Chvrches: The Bones Of What You Believe
The Bones Of What You Believe
Rating: 3.5 stars out of 5
It may not be the traditional method of getting to your debut album, but what does tradition have to do with the music business these days anyway? Scottish trio Chvrches actually released their first track back in May of last year and periodically surfaced in the interim between then and now to drop fetching synth-pop singles (four in all) on an unsuspecting indie-rock public. Only now is their first full-length, The Bones Of What You Believe, finally appearing.
Those singles, all of which are on the album, are outstanding, which means that the album already is one-third of the way home. The highlight is “The Mother We Share,” one of the best songs of any kind released last year. It uses a staccato vocal snippet of lead singer Lauren Mayberry as a kind of instrumental hook, an effect that works way better than it should. Mayberry then gives a clear-eyed account of a deteriorating relationship over a sea of synths. As an album-opener, it’s tough to beat.
Mayberry is an interesting singer, her vocals sounding pixie-like at first listen with a subtle Scottish brogue attached. (Listen to the way she clips her long “o” sounds throughout.) What sneaks up on you is just how piercing those vocals are, standing out even when her bandmates Iain Cook and Martin Doherty make a dense racket behind her.
She also surprises with the toughness of her lyrics. No shrinking violet this one, she’s not about to be wronged by any suitor without ladling out some retribution. On “Gun,” she sings “I will be a gun and it’s you I’ll come for.” On “We Sink”: “I’ll be a thorn in your side ‘til you die.” Her protagonists are honest enough to admit the hurt they’ve suffered in these songs, but they’re also ready to dish out some vengeance, even if it’s only by lingering in the memories of their exes.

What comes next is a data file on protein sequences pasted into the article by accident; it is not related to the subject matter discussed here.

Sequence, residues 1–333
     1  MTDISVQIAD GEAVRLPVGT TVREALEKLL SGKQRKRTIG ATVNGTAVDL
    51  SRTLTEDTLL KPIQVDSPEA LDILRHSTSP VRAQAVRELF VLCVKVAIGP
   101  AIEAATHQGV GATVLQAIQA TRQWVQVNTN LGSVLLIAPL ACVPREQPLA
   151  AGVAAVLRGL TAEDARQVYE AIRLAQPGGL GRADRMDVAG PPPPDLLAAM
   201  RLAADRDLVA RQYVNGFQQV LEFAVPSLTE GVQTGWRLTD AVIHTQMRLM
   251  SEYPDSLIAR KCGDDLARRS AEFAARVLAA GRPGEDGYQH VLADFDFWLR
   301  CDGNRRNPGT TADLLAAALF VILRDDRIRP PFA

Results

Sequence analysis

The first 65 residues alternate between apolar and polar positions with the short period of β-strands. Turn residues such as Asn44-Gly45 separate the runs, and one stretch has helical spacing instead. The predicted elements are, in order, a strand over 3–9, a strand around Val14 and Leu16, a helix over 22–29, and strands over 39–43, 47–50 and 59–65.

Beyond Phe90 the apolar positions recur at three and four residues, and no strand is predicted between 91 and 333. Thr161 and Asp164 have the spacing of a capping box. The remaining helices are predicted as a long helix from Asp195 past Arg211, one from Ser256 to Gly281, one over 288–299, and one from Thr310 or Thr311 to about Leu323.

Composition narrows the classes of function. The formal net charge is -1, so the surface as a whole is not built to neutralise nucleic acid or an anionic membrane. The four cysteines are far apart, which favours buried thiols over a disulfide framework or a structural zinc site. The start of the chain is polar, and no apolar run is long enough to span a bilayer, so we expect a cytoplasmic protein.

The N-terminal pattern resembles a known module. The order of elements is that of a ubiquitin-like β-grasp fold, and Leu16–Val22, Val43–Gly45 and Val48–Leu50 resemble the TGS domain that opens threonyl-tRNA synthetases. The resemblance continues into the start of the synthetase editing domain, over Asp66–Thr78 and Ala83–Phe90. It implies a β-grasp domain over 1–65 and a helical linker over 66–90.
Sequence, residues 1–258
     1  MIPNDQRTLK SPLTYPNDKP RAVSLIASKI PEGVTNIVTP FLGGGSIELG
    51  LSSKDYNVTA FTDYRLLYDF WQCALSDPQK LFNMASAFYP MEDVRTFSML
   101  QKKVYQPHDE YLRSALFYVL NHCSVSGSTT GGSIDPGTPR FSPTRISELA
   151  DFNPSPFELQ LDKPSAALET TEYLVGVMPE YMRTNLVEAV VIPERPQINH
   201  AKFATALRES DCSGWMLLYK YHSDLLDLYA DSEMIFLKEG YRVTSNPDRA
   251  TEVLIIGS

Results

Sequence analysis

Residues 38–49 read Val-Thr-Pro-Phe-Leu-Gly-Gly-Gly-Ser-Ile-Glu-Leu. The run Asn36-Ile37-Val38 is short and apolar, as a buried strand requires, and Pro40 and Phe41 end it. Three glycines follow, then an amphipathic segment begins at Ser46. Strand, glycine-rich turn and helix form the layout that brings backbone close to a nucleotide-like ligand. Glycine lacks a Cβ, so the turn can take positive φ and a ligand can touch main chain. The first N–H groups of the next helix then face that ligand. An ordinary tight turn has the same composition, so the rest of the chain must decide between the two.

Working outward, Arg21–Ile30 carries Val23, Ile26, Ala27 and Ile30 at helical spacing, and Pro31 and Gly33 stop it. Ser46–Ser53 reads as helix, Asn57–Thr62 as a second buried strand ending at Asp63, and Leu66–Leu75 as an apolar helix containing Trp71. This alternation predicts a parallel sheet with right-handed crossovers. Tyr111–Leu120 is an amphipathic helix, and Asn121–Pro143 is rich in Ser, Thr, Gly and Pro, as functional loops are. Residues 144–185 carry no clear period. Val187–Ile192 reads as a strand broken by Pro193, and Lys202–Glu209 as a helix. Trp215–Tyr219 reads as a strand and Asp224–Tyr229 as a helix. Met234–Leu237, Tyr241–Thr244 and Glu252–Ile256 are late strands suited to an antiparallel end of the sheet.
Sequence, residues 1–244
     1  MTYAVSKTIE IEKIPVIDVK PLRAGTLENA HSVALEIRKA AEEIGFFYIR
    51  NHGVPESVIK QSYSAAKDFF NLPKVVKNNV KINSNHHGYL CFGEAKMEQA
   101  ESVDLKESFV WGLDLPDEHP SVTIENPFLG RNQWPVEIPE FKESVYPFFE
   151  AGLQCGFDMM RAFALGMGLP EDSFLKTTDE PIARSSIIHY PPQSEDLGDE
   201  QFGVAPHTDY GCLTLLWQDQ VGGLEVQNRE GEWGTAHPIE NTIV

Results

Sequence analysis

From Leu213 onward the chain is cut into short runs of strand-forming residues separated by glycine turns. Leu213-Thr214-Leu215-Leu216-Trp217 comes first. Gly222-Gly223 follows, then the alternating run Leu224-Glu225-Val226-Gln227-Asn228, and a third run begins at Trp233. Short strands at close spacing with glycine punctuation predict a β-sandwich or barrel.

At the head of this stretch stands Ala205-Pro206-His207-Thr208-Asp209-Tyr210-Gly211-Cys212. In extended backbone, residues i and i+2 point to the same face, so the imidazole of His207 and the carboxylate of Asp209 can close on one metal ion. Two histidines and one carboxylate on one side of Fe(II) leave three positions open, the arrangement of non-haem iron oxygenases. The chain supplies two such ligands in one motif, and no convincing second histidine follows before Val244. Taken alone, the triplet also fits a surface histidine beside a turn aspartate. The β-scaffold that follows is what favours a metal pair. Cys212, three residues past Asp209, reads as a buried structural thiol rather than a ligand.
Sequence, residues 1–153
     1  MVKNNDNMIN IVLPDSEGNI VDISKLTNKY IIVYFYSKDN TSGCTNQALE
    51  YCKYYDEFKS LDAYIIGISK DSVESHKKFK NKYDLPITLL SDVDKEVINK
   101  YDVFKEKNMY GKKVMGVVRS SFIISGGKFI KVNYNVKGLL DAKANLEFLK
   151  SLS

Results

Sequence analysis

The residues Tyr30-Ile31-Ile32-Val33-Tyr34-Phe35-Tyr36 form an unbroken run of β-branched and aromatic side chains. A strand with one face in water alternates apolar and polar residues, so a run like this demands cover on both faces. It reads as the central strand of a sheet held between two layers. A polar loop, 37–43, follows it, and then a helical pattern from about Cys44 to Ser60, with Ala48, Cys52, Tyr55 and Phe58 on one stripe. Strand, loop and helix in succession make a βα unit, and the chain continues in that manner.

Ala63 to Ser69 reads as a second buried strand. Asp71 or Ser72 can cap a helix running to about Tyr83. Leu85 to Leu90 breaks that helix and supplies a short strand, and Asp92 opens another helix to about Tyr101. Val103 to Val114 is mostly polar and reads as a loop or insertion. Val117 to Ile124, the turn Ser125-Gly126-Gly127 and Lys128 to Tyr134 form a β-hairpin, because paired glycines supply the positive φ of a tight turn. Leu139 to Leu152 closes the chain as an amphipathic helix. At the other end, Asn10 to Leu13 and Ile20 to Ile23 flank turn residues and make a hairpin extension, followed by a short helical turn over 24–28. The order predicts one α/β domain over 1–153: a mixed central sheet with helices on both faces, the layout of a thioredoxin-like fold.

The real neat trick that Chvrches pull off is putting this blunt subject matter into colorful, tuneful packages, making this some of the catchiest romantic anguish on the block. Even the minor keys of “Recover” never seem maudlin when surrounded by the roiling keyboards. Despite the unsparing imagery and Mayberry’s assertion that “All that’s golden is never so,” the soundscape created by Cook and Doherty on “By The Throat” is too animated to wallow or brood.
The good news is that the singles aren’t the only things that hit home on the album. “Tether,” which starts off slow and atmospheric but explodes into synth euphoria, effectively chronicles the difficulty of leaving a dead-end relationship, while “We Sink” actually soars on a wave of video-game blips.
There is an inevitable letdown whenever Mayberry hands off the mike, while the second half of the disc lags a bit compared to the rat-a-tat of the first seven tracks. Yet the overall evidence suggests that Chvrches straddle the line between indie contemplation and pop exultation with flair. It may have taken a while for The Bones Of What You Believe to arrive, but it more than meets the standards of all the tantalizing sneak previews.